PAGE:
Monday, May 4, 2009

'In Treatment:' Incredibly Insightful, Incredibly Depressing

I dedicated my Pop Culture & Politics column this week to In Treatment and how, at the root of all the HBO show's patients' problems seems to be flawed parenting, which, as the parent of three young kids, is frightening.

But the drama -- which gives you half-hour glimpses into the therapy sessions of five patients (including the therapist, Paul Weston, himself) -- does more than make me hope that my flawed child-rearing idiosyncrasies aren't going to send my kids to a therapists' sofa in a decade or two. It makes you assess and think about your own life and wonder, "Am I doing THAT? Do I respond to situations like this patient?"

There's a college-aged cancer patient who won't take care of herself and won't tell her family because she doesn't want to burden them, a disgraced CEO with panic attacks and childhood guilt, a couple that's divorcing that has a suffering son who thinks he's responsible for the family's break-up and a fortysomething attorney who's angry that she never got married and had children.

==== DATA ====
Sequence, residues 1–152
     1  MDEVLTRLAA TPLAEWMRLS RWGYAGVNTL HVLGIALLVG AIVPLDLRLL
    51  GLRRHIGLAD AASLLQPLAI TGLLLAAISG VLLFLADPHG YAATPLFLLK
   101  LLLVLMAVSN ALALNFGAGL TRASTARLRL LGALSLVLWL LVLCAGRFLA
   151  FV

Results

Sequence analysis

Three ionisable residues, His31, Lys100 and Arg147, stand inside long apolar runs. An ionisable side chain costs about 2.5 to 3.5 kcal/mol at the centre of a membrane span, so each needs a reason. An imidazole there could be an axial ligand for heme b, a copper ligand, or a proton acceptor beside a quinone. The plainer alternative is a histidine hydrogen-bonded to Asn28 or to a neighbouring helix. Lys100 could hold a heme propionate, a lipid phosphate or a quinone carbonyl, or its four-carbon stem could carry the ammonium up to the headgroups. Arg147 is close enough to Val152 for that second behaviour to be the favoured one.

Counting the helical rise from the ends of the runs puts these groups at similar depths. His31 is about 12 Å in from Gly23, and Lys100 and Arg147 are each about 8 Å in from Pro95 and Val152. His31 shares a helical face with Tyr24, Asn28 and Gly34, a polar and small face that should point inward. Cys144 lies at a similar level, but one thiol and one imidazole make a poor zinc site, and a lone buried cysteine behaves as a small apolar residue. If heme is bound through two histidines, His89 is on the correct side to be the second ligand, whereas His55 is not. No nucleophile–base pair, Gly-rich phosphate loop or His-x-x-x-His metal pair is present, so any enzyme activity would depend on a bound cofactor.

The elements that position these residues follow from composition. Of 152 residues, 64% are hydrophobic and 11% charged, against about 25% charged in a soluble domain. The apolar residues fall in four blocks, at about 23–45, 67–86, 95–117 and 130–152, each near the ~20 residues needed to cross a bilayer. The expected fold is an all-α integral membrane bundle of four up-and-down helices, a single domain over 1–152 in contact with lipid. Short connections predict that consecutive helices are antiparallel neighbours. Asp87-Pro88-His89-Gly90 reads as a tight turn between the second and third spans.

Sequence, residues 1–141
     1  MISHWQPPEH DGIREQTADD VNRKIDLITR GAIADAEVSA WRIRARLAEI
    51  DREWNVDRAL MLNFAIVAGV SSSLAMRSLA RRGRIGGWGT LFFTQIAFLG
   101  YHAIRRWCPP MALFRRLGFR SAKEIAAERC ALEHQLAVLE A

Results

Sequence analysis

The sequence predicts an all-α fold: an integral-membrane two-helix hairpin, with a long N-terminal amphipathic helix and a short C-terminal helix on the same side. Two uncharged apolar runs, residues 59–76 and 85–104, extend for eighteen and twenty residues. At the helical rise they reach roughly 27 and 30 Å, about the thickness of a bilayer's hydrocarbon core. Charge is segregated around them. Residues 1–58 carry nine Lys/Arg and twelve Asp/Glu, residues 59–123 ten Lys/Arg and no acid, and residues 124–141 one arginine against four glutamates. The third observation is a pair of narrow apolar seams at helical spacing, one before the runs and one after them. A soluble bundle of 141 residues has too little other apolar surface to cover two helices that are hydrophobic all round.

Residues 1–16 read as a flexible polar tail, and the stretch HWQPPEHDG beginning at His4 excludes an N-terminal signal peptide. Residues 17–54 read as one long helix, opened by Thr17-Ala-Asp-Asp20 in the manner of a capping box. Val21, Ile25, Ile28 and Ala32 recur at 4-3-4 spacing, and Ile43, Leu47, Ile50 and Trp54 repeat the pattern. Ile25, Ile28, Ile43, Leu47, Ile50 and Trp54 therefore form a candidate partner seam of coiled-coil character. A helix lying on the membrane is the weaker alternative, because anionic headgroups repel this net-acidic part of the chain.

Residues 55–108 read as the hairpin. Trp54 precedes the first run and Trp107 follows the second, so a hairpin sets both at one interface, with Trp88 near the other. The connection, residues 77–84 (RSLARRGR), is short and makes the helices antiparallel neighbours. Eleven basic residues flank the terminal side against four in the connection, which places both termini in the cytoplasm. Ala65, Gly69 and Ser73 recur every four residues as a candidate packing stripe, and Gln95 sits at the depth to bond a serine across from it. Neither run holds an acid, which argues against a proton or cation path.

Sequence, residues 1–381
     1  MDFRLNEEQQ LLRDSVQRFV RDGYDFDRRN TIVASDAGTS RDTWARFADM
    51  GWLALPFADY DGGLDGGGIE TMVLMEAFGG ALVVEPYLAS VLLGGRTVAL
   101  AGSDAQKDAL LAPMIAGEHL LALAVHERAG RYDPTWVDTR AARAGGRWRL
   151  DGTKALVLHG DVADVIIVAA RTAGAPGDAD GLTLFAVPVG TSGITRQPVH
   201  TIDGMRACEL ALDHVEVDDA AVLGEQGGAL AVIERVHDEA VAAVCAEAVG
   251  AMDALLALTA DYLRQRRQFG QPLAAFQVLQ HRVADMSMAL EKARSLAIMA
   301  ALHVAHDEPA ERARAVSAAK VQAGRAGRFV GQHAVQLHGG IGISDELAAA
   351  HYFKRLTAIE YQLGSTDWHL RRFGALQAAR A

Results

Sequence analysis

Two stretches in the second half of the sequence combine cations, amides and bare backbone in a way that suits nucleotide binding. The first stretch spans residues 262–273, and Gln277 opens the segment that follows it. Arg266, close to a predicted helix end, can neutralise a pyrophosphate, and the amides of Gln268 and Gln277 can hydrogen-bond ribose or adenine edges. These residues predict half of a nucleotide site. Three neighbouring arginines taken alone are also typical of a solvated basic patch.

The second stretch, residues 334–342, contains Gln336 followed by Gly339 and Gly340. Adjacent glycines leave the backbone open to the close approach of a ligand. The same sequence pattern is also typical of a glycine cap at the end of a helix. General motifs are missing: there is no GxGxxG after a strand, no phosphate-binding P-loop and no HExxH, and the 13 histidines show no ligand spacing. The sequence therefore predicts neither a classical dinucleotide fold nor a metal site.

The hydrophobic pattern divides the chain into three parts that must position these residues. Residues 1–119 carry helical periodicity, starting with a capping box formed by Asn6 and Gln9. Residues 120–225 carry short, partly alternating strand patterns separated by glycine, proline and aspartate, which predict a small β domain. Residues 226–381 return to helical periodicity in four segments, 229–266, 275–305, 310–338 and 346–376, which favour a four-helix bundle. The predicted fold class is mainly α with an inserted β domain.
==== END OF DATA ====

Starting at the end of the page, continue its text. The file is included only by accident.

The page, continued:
Then there's the therapist, played by the immensely talented, Emmy winning Gabriel Byrne, who lives a lonely life in Brooklyn, while his children and his ex-wife live in Maryland. His oftentimes combative sessions with his therapist, Gina (Dianne Wiest) are, by far, the ones to which I look forward the most each week.

While HBO may have cornered the market on death with its provocative Six Feet Under, and put its stamp on the life of thirtysomething single gals in NYC with Sex and the City, I think the network can now claim the therapy arena as well. In Treatment makes the therapy sessions on other shows look positively amateurish by comparison.

Image credit: HBO.

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